CRISPR-Disease

CRISPR Injected into the Blood Treats a Genetic Disease for First Time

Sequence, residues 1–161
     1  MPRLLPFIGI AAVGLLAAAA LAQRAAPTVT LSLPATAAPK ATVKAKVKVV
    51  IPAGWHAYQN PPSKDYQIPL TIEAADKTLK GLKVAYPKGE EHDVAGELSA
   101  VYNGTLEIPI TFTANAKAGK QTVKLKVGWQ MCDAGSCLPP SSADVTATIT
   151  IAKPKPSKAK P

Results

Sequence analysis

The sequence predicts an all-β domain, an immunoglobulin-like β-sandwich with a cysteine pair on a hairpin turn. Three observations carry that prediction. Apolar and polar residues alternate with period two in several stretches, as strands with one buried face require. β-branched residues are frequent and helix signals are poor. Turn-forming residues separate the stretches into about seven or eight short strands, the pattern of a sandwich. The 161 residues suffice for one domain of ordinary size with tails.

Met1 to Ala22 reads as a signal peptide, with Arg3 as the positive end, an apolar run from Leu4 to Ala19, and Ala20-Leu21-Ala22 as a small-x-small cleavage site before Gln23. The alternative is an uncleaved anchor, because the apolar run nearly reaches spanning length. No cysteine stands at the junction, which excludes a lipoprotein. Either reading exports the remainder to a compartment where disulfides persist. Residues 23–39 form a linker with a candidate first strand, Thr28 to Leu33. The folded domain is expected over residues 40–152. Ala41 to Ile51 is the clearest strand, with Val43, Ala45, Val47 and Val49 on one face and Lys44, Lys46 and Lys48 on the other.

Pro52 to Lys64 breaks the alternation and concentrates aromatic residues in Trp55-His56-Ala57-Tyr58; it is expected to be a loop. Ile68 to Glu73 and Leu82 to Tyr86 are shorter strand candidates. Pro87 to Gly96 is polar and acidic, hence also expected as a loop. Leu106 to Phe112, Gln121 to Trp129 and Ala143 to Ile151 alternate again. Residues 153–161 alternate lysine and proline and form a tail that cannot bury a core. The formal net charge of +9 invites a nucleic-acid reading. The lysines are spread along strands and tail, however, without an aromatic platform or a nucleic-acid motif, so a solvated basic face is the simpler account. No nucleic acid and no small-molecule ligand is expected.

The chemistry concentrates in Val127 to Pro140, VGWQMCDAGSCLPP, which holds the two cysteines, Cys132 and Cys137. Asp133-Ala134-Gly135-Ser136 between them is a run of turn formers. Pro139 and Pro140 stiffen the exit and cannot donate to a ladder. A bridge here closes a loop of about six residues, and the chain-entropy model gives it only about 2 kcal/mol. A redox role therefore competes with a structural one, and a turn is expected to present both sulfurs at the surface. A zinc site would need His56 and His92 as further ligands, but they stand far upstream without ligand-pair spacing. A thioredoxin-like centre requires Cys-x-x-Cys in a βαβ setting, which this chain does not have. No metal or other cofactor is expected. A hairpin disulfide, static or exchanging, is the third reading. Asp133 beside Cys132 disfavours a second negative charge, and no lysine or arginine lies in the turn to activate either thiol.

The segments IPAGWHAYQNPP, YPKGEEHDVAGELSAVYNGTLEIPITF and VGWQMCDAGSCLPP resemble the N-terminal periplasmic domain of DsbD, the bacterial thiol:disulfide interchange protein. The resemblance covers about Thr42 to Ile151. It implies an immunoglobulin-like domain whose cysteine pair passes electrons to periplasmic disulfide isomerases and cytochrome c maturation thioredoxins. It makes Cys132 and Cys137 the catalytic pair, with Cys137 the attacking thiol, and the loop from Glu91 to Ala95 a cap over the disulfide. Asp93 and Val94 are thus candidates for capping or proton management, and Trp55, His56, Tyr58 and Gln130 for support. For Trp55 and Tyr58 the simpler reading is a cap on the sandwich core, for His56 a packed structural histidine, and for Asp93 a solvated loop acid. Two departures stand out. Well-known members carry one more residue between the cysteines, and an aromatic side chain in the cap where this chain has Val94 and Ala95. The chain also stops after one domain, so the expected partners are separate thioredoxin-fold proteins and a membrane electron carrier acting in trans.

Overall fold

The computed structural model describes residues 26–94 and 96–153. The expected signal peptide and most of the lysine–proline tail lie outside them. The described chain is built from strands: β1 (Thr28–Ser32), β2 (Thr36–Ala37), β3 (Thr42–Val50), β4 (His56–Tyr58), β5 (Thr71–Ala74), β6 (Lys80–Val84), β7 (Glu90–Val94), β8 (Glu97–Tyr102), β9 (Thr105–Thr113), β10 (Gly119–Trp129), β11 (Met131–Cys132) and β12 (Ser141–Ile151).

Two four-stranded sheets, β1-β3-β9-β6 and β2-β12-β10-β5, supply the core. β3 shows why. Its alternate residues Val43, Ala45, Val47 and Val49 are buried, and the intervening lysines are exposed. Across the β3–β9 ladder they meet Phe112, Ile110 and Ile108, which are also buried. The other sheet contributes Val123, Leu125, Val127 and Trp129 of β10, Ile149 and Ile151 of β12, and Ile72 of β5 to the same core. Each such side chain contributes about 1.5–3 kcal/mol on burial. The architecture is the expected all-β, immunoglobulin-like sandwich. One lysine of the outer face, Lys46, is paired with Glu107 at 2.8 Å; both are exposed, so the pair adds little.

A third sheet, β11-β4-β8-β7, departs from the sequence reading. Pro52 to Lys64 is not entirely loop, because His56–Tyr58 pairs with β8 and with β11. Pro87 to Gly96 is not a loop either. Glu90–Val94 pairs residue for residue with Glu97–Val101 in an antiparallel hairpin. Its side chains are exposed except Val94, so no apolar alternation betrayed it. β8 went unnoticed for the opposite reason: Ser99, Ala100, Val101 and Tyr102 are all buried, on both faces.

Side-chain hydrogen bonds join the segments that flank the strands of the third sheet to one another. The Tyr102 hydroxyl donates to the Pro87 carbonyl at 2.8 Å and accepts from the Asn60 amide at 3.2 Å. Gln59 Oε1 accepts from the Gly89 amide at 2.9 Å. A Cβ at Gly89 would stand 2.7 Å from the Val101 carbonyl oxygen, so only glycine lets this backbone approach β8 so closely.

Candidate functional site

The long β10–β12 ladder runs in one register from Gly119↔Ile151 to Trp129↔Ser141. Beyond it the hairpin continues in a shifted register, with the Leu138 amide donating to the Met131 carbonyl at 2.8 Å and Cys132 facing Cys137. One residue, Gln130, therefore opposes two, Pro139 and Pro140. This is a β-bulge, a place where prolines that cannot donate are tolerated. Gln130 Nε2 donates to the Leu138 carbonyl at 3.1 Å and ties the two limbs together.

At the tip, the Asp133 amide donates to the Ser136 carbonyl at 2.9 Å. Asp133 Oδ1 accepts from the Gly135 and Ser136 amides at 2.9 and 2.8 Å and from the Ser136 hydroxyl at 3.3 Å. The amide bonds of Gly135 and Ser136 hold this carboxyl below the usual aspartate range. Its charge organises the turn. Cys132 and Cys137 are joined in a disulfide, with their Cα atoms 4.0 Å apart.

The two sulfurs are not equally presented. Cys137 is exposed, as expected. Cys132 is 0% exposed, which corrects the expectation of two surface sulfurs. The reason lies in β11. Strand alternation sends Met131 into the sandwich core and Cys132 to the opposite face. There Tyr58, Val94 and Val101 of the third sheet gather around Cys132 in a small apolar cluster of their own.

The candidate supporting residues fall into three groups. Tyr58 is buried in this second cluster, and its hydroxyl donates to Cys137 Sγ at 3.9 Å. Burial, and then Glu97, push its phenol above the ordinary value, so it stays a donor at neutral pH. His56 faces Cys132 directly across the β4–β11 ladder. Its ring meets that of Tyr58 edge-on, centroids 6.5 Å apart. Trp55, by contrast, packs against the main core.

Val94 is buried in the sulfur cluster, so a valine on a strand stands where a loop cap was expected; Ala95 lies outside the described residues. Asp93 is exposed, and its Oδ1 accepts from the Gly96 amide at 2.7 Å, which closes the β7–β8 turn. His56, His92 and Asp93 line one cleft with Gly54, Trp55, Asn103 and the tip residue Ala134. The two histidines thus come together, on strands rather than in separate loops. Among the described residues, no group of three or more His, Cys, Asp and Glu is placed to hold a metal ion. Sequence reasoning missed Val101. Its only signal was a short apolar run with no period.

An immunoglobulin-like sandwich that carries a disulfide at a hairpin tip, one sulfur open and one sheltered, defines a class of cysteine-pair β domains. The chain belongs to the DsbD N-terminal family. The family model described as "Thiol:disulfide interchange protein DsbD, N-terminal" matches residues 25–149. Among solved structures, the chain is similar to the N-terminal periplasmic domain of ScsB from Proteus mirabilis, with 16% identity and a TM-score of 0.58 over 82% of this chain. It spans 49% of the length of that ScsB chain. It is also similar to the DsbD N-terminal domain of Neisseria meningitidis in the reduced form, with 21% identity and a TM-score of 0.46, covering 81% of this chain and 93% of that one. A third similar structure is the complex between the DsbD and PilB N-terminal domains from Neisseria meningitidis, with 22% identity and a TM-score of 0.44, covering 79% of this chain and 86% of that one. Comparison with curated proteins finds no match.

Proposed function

A new CRISPR-based treatment for a rare, deadly liver disease depends on an injection containing both a messenger RNA encoding a DNA-cutting enzyme (white) and another RNA (blue) that guides it to a specific gene sequence (green). The gene editor CRISPR excels at Exing disease mutations in lab-grown cells. But using CRISPR to treat most people with genetic disorders requires clearing an enormous hurdle: getting the molecular scissors into the body and having it slice DNA in the tissues where it’s needed. Now, in a medical Erst, researchers have injected a CRISPR drug into the blood of people born with a disease that causes fatal nerve and heart disease and shown that in three of them it nearly shut off production of toxic protein by their livers.

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